Tuesday, 11 August 2009
Author: W.G. Sebald
Number of pages: 263
Started: 7 August 2009
Finished: 11 August 2009
In mid-May of the year 1800 Napoleon and a force of 36,000 men crossed the Great St. Bernard pass, an undertaking that had been regarded until that time as next to impossible. For almost a fortnight, an interminable column of men, animals and equipment proceeded from Martigny via Orsières through the Entremont valley and from there moved, in a seemingly never-ending serpentine, up to the pass two and a half thousand metres above sea level, the heavy barrels of the cannon having to be draged by the soldiery, in hollowed-out tree trunks, now across snow and ice and now over bare outcrops and rocky escarpments.
Part fiction, part travelogue, the narrator of this compelling masterpiece pursues his solitary, eccentric course from England to Italy and beyond, succumbing to the vertiginous unreliability of memory itself. What could possibly connect Stendhal's unrequited love, the artistry of Pisanello, a series of murders by a clandestine organisation, a missing passport, Casanova, the suicide of a dinner companion, stale apple cake, the Great Fire of London, a story by Kafka about a doomed huntsman and a closed-down pizzeria in Verona?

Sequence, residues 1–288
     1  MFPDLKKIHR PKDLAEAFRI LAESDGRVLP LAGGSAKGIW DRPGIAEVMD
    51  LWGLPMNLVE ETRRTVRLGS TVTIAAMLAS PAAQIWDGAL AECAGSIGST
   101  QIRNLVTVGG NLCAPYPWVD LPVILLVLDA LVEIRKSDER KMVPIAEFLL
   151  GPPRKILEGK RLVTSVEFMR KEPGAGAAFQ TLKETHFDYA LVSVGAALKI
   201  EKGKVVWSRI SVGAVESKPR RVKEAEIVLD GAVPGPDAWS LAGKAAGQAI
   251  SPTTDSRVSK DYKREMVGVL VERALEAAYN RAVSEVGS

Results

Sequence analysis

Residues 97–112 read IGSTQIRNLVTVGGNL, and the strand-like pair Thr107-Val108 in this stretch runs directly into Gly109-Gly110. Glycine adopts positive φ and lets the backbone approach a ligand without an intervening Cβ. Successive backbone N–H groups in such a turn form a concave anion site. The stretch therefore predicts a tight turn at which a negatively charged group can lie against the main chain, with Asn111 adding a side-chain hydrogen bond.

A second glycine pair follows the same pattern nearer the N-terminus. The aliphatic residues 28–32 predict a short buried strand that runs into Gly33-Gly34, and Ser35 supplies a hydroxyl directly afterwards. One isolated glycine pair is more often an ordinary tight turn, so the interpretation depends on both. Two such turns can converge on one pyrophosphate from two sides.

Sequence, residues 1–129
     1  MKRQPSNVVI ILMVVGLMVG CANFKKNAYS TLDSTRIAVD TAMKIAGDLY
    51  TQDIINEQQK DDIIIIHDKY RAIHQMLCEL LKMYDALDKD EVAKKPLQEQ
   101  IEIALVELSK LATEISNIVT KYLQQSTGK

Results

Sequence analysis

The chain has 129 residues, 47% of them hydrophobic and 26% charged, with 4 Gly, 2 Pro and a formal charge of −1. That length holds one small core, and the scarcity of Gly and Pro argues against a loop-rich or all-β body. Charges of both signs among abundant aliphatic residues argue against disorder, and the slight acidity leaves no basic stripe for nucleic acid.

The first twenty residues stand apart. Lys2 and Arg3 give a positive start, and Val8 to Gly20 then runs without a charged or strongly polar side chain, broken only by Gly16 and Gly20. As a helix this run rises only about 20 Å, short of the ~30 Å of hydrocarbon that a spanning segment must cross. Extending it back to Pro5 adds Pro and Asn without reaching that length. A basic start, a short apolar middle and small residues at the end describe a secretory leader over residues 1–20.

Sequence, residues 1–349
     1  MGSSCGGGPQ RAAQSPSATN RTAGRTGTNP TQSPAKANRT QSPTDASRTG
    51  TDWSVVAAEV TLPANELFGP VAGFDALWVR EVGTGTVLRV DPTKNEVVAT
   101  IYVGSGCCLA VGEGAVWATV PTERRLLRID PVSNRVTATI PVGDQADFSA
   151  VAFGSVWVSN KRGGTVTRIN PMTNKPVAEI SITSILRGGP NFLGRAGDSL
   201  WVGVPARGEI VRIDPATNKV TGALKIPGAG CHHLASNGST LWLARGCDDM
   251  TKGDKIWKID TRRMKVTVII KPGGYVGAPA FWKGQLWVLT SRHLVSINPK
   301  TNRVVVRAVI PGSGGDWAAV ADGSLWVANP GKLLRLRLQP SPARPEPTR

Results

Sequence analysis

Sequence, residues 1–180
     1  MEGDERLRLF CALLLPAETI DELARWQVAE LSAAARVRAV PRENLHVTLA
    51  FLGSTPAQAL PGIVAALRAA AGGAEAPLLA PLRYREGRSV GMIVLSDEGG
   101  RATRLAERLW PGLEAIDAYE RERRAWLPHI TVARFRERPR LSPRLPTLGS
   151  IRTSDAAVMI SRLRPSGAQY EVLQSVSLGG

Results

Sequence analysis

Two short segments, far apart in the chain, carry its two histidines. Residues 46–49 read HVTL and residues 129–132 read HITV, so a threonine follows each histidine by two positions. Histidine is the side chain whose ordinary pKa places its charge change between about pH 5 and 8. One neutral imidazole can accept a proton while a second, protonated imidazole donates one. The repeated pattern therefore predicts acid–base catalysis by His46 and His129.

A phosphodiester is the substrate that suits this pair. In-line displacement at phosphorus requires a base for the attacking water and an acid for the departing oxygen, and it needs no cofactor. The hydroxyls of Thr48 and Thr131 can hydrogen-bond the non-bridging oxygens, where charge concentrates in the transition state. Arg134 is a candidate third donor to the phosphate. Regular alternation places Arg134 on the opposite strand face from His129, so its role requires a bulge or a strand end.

What I thought:
I was not a fan of this book at all. People rave about it and see deep meaning in it. I do not. As soon as I opened the book I felt slightly conned. It was the double line spacing that did it. It made me feel like someone had tried to make the book look much longer than it actually was – and without such things it would have been nearer 100 pages long.
I never really got into it though. I found that I read the words but never really engaged with any sort of plot. There were very occasional moments that caught my attention, but they were few and far between.
Would I read any more Sebald? Despite what I have said, I possibly would. I feel as though I should see more to this author than I have so far and so should perhaps give him another go. We shall see...